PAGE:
Opinion: On the “Game of Thrones” Rape Scene and Ensuing Controversy

22 Apr


Over the past two days, I’ve witnessed thousands of angry comments and even angrier responses across the Internet, with people taking sides and expressing outrage over a scene that occurred in Sunday’s Game of Thrones episode, in which Jaime Lannister forces himself on Cersei. It’s been an ugly several days online, and after some thought, I’ve come to the conclusion that my problem with this whole fiasco is not so much the scene itself as much as it is the ensuing controversy.

Let’s get this out of the way first: it’s rape. There’s no question. When someone forces him or herself on someone without that person’s consent, it’s rape. When Cersei Lannister explicitly says “no”, it’s rape.

We shouldn’t be discussing the definition of rape here. What we should be discussing is Jaime Lannister’s character and what possesses him to commit such a heinous act, what effect this will have on Cersei, and what exactly the writers are trying to express in the greater context of the show. I’ll admit that this seems way out of character for Jaime, considering we just watched a season in which he saves Brienne from a similar fate, but I do understand the desire to complicate the character, to express the truly fucked up nature of the world they live in and the need to hold on to identity in an environment that feeds his insecurities and sense of loss. Rape might be a really lazy way to do it, but I understand it. I may not appreciate the show taking liberties with the character like this, but I’m not vehemently opposed to it, either. In addition, I haven’t read the books, but I do know that the corresponding passage is from Jaime’s point of view, which would lead to him believing it’s consensual (from what I’ve read, the book seems to portray it as consensual? I’d love to hear book-readers’ thoughts on this).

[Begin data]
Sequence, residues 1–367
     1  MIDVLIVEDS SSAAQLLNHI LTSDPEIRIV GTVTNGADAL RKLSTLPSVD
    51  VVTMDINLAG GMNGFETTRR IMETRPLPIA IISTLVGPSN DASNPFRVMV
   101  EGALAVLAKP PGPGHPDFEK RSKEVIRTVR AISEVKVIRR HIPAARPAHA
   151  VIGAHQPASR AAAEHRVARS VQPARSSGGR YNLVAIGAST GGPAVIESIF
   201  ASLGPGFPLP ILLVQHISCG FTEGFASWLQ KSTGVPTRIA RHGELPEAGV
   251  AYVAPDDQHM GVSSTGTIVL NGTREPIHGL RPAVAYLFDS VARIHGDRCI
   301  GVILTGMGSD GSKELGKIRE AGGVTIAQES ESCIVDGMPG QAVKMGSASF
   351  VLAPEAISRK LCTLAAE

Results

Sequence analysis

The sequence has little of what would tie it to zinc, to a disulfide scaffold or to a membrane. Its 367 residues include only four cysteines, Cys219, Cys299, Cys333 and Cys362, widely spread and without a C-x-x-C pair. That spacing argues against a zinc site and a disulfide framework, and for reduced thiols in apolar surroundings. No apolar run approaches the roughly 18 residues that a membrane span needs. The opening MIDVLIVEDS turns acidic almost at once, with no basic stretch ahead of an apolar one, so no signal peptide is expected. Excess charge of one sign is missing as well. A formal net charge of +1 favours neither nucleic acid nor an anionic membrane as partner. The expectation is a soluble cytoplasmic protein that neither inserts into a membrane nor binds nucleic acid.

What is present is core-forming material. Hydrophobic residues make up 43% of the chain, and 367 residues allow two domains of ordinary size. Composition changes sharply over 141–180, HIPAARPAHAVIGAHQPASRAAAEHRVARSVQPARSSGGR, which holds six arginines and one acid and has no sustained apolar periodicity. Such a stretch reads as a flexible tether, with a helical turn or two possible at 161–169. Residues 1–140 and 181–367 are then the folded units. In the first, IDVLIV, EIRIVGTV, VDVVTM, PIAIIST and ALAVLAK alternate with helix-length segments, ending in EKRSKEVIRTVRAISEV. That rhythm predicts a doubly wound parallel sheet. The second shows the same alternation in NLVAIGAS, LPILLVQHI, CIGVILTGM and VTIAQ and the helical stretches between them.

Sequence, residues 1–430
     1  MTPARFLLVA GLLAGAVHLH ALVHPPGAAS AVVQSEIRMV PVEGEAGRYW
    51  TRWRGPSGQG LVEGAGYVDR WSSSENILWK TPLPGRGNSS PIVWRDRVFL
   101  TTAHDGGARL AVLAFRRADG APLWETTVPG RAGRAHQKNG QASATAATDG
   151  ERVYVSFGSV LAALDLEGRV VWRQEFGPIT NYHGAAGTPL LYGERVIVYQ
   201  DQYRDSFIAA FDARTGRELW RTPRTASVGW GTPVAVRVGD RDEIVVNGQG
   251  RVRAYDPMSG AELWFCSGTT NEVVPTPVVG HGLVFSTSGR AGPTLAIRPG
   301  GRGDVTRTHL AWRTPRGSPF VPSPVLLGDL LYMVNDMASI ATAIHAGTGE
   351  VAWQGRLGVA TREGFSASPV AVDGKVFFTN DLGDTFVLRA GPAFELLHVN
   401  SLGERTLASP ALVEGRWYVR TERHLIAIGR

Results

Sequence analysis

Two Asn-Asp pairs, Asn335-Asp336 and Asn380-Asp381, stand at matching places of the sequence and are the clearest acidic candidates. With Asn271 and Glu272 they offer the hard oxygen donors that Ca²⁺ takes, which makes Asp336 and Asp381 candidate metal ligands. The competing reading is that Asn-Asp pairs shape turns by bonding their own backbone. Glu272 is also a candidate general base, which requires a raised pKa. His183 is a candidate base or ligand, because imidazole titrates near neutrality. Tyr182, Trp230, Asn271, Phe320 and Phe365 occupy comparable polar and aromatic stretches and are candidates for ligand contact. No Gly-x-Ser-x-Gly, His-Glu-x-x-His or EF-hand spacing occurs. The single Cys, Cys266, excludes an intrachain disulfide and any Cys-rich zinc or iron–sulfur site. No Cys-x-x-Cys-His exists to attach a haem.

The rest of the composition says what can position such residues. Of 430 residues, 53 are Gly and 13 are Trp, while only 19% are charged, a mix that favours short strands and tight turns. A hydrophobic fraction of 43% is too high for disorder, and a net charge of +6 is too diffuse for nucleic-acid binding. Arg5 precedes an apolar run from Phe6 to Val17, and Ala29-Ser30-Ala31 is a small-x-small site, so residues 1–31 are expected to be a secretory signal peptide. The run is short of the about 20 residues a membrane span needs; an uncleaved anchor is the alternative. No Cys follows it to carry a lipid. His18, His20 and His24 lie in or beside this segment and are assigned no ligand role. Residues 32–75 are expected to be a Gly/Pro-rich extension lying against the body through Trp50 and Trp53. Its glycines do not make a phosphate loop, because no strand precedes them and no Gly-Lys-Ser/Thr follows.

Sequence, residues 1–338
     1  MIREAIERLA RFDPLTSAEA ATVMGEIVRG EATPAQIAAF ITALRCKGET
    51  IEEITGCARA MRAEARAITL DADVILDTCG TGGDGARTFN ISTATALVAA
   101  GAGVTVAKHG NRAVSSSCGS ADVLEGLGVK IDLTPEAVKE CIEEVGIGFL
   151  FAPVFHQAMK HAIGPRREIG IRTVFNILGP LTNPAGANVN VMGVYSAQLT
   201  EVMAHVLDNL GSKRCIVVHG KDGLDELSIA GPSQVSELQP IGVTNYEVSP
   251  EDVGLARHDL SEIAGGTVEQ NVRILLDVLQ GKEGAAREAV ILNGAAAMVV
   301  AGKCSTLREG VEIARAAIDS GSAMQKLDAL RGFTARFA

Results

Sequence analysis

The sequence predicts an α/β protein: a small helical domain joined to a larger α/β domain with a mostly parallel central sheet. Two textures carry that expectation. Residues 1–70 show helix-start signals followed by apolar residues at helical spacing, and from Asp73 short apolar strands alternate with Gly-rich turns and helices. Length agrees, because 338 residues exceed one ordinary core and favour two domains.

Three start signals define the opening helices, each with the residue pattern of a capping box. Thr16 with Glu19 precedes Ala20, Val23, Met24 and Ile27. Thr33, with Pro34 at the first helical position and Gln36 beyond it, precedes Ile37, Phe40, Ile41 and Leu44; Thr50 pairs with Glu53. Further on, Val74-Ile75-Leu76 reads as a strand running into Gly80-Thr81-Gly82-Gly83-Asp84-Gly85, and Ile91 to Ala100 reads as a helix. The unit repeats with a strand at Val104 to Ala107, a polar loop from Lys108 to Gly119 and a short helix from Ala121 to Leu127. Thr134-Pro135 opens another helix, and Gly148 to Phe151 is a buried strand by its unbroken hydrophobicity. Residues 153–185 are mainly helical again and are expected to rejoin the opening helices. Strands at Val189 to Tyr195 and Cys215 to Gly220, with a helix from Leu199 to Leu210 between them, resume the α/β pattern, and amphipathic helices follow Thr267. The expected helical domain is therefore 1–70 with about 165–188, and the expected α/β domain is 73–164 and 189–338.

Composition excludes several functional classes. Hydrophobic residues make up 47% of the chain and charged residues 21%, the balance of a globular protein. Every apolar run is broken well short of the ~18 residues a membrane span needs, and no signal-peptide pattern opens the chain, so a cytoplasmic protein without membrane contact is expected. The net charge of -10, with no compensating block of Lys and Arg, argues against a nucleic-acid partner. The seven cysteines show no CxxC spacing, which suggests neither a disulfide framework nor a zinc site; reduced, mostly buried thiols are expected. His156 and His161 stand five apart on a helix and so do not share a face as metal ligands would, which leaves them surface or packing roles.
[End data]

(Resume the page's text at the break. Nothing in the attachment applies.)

The big issue here is the contradicting explanations of the scene given by the creators and the director. Alex Graves–one of my favorite directors; he should be honored for directing The West Wing‘s “Commencement”–states that the act “becomes consensual at the end”, which is the biggest load of BS I’ve ever heard. This not only expresses a complete misunderstanding of rape by a person living in a society with far too many people who misunderstand it, but it also seems to defend an indefensible scene. Benioff and Weiss understand that it’s rape, but the contradictions have me worried. If the show is going to move forward with the idea that this is consensual, then the biggest problem isn’t them going back on Jaime’s season 3 characterization. The biggest problem is going to be his characterization moving forward.

Now, this scene certainly doesn’t “say” anything new about rape culture, nor should it. I’ve seen articles acting like this is the most egregious thing to ever happen on television, but when I see those articles, I think that it might not even be the worst thing to happen on this show. The media certainly–sadly–perpetuates society’s view of women, and it’s a disappointing fact that many shows like “Game of Thrones” have iffy dealings with gender politics. However, I’m more disgusted with the fact that a director doesn’t understand why his scene comes across as rape than with the fact that a show with beheadings, stabbings, child-killing, and more includes a rape scene.